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Conveyancing: How Long Does It Really Take To Move House?

View profile for Paul Hajek
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Update: this blog has now been updated, and you can view it here.
 

How Long Does It Take To Move HomeHow long does it take to move house is the question we get asked the most at the start of the Conveyancing process.

We could say, provided you live in a house (and not a flat) your property is registered at the Land Registry, you are selling only and there are no linked transactions  (a chain) and your buyer has cash and does not require a survey (more fool them) and your buyer’s Conveyancers are on the ball – between 24 and 48 hours.

But we don’t.

We could try and use a piece of string analogy here –but, we’ll save that for later.

Simply, there are many, many components which make up a house move.

The likelihood is that other house or flat moves will be linked to your move and one or more will require some kind of finance.

The more links in the Conveyancing chain, inevitably, the more complex and time consuming your move may become.

Sale Only

But, let’s not be too pessimistic.

You could be lucky and your sale fly through and leaving you wondering what all the fuss was about.

Been there, done that, got the T-shirt…

If you’re selling only and not buying on, you’re normally in the best position –provided you are not at the top of a chain of transactions.

One seller and one buyer (a first time buyer, someone living in rented or an investor) would be your best bets.

A word of caution: just don’t get too excited early on when your buyer says they are paying cash. Sometimes, we find out that the cash is actually coming from a Bank or Building Society in the form of a Mortgage. Not intentional deception more a misunderstanding of phraseology. A good Estate Agent will interrogate your Buyer to make no there is no miscommunication.

Buying and Selling at the Same Time

Where you are buying and selling at the same time then the length of time it takes you to move will inevitably be longer than just a sale or purchase.

Assuming there are 2 to 3 people in the chain (and no-one changes their minds for whatever reason and pulls out) then a reasonable time frame would be 8-12 weeks.

Who or What are the Main Culprits for Delay?    twitter_512

Let’s round up the usual suspects.

Mortgage Offers

We are living in different times since the financial crisis of 2008.

Banks’ and Building Societies’ mind set has changed and their aversion to risk increased immensely. Financial Regulators also insist on less reckless lending than in the past

More than ever before the computer likes to say no!

The impact for you is that where once mortgages were issued by the most efficient Banks and Building Societies within a matter of a couple of weeks or so, this process is now taking a lot longer.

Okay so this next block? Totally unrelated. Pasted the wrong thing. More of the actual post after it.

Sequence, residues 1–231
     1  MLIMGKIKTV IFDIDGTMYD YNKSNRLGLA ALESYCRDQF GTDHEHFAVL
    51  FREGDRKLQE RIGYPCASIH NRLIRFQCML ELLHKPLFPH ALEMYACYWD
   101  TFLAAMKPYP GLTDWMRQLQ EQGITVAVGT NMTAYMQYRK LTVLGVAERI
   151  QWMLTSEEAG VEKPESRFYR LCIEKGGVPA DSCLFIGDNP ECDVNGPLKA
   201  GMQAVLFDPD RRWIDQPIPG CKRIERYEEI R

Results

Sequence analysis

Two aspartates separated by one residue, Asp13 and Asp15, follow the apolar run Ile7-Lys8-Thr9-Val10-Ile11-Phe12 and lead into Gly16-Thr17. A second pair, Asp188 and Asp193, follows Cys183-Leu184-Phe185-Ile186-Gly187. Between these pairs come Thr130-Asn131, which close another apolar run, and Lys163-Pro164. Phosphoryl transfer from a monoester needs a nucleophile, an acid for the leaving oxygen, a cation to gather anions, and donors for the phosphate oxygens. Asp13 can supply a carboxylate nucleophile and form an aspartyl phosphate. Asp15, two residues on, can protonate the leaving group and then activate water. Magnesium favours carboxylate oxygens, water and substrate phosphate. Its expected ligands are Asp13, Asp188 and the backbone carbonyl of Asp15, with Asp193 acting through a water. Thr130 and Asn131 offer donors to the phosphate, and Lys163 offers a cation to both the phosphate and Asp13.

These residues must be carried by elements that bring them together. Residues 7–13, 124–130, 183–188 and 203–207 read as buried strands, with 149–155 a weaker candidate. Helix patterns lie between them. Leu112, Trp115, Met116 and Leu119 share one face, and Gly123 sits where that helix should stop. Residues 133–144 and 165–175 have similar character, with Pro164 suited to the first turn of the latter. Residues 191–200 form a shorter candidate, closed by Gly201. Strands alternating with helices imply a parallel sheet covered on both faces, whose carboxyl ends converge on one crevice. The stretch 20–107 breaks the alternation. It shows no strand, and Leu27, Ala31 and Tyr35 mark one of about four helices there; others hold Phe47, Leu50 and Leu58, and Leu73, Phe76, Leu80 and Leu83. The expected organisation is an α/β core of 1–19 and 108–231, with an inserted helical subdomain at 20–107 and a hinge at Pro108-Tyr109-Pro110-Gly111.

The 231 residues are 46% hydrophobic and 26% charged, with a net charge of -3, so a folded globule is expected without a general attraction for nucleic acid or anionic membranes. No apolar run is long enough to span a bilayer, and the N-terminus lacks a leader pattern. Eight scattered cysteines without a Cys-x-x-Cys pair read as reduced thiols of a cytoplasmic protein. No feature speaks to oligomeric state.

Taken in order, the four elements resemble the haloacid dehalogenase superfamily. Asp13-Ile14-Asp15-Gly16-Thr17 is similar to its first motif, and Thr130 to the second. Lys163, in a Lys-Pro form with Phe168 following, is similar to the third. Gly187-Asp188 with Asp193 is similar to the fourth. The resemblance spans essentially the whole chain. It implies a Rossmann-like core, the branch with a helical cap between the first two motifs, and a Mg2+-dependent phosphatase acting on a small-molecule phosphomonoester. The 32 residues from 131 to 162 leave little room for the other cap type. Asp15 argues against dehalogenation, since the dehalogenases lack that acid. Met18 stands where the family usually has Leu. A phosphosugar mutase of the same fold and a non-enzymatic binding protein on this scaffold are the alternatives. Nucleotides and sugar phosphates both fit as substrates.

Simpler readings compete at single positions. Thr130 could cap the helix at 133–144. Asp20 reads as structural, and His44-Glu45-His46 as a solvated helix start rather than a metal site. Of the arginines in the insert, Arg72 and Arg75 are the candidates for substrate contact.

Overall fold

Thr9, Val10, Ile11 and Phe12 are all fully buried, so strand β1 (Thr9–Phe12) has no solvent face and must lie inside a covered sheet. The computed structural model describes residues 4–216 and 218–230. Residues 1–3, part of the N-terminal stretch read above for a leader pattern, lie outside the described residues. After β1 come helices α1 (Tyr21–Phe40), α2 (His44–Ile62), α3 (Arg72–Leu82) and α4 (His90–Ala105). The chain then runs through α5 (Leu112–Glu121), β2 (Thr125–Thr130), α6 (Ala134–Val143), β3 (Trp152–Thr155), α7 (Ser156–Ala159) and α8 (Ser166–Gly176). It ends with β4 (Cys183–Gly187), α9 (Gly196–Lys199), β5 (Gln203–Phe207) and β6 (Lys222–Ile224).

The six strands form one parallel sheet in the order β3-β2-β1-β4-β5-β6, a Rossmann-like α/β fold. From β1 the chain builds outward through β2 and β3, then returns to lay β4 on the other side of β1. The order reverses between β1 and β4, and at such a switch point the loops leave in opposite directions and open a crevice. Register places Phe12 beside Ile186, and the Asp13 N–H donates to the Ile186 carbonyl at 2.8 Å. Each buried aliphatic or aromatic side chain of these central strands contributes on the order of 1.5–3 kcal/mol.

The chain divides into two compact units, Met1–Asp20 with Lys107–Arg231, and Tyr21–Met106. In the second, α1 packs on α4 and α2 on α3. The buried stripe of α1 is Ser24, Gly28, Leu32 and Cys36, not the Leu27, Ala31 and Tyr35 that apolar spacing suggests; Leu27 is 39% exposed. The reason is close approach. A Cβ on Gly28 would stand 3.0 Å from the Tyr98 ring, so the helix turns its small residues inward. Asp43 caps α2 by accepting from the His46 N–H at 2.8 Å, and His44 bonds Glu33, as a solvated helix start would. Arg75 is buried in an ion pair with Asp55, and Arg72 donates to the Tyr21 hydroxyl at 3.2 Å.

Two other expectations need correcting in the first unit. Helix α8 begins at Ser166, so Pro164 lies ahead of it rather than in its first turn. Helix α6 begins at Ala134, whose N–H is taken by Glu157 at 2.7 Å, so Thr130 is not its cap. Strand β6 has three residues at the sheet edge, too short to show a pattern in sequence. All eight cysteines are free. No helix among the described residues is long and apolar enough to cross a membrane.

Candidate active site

Mark Hayward, Managing Director of the National Association of Estate Agents said recently that it now takes an average of 50 days to receive a mortgage offer.

The moment the chain is ready is, by and large, the time when the last mortgage offer is received.

It’s also a reason why suddenly after weeks of inactivity it’s all hands to the pumps for a quick exchange and completion 


Ahoy There! House Buyers Grab Yourself a Conveyancing Guide from Clutton Cox, Solicitors

Chains

Chains are a part and parcel of the house buying process in England and Wales.

Different countries have different methods for house transfers and we have a lot of opponents to our system in England and Wales.

“Buyers” are able to make offers on property “subject to contract” which means they are not committing to buy the property until all their arrangements are in place, a survey commissioned and linked chains of transaction are complete and also ready to go.

Buyers and Sellers are able to withdraw from a sale or purchase on a whim, bad survey, unsuitable mortgage finance, job loss: the list is extensive.

There is always room for increased efficiencies but my view is there are just enough checks and balances to ensure people are not forced or pressurised into buying a property they may later regret.

Managing Expectations

Which takes us neatly back to the original question.

It can be very stressful moving house with many built-in uncertainties.

Try and reduce your stress levels by not harbouring unrealistic expectations about how quickly you can move house.

If you condition yourself to an 8-10 week period , then you will be delighted if it takes less time.

Communication is key.

Do keep in touch with regularly with your Conveyancers, Estate Agents and Your Lender or Mortgage Broker, if applicable, and your Buyer or Seller if you both agree.

Then, even where there is an additional delay, so long as everyone in the chain is aware of the reason, the stress levels will reduce and expectations managed.

Me, now what did I do with my piece of string…

Editor's Note: This post was originally published in 2012 and has been completely revamped and updated.

Paul Hajek

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